Robert Gates has warned the UK that reducing our military capability will jeopardise our “special relationship” with the US and limit our ability to be a major influence in the world. Does his case for war matter, I wonder? And is it true?
The previous American Defence Secretary spoke trenchantly about (and I paraphrase) the folly of the present British policy on reductions in defence spending, expressing particular concern that in any future combat we would not be able to support the US in the way we have before, in Iraq and Afghanistan, for example. It was noteworthy that, not so long ago, Parliament’s unexpected refusal to back military action in Syria caused a crisis for President Obama, who was left without any other meaningful support, and Gates’s criticisms may derive largely from what is in America’s interest rather than being intended to be helpful to the British government.
[caption id="attachment_2329" align="alignright" width="150"] Robert Gates with George Bush[/caption]
I wrote earlier this week about “the enormous expenditure that is involved in making and maintaining the aircraft and training the crew, when the nature of warfare has changed so much, and the need for it will become a thing of the past so soon.” There is no doubt that modern warfare is more to do with cyber-security, ant-terrorism, covert operations and pilotless air operations using drones rather than conventional soldiers on the ground: the waste of lives and money in recent conflicts which have exacerbated tensions rather than brought peace means that future large-scale invasions on the scale of Iraq are unlikely to occur again. It is realistic to accept this, and to reflect it in a re-shaped military defence force, without fear of what others will think, or judge.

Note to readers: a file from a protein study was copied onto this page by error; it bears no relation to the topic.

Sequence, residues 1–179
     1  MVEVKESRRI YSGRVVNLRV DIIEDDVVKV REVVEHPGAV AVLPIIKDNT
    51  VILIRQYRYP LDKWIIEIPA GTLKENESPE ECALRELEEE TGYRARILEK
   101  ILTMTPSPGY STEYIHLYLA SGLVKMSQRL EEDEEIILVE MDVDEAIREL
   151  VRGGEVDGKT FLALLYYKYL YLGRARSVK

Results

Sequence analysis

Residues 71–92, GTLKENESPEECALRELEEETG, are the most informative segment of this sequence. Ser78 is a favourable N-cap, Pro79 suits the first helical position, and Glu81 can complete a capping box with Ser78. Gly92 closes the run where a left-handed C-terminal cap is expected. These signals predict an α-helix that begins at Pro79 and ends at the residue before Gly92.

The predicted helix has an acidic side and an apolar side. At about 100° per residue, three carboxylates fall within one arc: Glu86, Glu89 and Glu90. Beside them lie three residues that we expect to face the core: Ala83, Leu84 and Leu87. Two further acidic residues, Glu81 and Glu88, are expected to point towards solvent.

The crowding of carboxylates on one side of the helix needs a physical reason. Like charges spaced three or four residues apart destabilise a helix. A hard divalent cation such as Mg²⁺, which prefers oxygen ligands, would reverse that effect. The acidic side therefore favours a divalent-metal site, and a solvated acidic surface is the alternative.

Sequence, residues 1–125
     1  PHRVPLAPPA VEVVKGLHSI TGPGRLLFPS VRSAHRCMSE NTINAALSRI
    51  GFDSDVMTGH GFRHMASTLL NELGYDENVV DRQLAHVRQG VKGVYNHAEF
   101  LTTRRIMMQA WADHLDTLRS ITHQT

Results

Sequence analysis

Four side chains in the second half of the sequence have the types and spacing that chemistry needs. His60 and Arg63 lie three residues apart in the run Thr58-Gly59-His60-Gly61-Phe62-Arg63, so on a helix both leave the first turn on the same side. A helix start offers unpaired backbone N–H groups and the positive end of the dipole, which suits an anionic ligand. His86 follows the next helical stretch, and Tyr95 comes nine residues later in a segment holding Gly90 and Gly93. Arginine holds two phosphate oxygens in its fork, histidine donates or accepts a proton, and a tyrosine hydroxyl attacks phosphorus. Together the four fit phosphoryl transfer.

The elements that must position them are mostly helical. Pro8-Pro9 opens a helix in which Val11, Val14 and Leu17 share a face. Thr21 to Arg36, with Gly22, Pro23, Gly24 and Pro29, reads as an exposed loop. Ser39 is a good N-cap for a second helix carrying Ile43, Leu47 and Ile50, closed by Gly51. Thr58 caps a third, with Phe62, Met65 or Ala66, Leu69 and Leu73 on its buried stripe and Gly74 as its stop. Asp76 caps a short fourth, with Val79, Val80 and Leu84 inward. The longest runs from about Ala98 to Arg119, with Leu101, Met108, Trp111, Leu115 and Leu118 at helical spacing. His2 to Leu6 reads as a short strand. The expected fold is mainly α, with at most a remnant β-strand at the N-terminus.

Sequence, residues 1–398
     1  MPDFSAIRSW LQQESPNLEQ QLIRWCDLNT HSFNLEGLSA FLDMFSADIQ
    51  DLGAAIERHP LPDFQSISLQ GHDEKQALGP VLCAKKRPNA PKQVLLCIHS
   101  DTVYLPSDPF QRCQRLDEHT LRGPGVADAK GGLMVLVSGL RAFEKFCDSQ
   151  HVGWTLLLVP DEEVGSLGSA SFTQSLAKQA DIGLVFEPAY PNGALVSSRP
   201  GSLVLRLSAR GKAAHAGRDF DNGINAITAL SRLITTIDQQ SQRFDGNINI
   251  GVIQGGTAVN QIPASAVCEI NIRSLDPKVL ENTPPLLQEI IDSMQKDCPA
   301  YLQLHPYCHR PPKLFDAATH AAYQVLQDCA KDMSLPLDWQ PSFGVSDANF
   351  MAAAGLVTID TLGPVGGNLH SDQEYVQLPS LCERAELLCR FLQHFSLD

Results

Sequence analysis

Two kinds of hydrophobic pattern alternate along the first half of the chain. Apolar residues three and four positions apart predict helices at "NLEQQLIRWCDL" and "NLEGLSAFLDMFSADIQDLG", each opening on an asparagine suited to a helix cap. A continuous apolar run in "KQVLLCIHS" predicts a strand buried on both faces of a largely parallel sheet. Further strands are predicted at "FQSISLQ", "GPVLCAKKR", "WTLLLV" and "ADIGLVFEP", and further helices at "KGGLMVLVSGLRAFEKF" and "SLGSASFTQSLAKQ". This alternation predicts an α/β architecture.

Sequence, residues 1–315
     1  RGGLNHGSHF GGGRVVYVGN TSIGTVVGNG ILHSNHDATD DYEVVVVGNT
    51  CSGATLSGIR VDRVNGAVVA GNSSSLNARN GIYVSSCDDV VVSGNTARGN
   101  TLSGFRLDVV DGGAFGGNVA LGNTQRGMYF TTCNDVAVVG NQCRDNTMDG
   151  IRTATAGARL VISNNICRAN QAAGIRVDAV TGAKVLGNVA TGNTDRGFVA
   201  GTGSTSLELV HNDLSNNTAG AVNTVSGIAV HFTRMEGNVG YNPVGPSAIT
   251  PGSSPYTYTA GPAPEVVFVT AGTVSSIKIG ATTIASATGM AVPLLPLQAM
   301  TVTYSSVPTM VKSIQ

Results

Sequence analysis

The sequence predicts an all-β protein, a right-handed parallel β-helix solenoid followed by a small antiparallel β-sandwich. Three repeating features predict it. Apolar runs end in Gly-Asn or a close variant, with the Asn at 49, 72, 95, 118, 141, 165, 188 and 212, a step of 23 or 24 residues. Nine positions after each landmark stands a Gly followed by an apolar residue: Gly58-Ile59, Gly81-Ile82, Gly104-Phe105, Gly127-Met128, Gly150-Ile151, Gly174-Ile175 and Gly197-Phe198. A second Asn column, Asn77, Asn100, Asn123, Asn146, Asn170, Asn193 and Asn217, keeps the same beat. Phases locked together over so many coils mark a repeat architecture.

It would be excellent if, without a large and bellicose British contingent to support American foreign policy, military intervention in, or even threats to other lands were inhibited. Why choose war, when recent experience has proven it worsens a situation, rather than brings solutions which last?
It is a pity if a country is judged on the size of its military rather than what good it does for its own people and the wider world beyond. Influence comes in many forms, and so does deterrence: weapons, destruction and killing should be a last resort, not the largest investment, as it has been for too many nations for too long.
So much ego is involved in the game of “defence”, and so many and so much is hurt by it. Robert Gates may, inadvertently, through his uninvited and discourteous public rebuke have undermined the American case for a huge war machine owned by Britain and for the US as well, for there are many people like me, in his country as well as mine, who just do not see the point.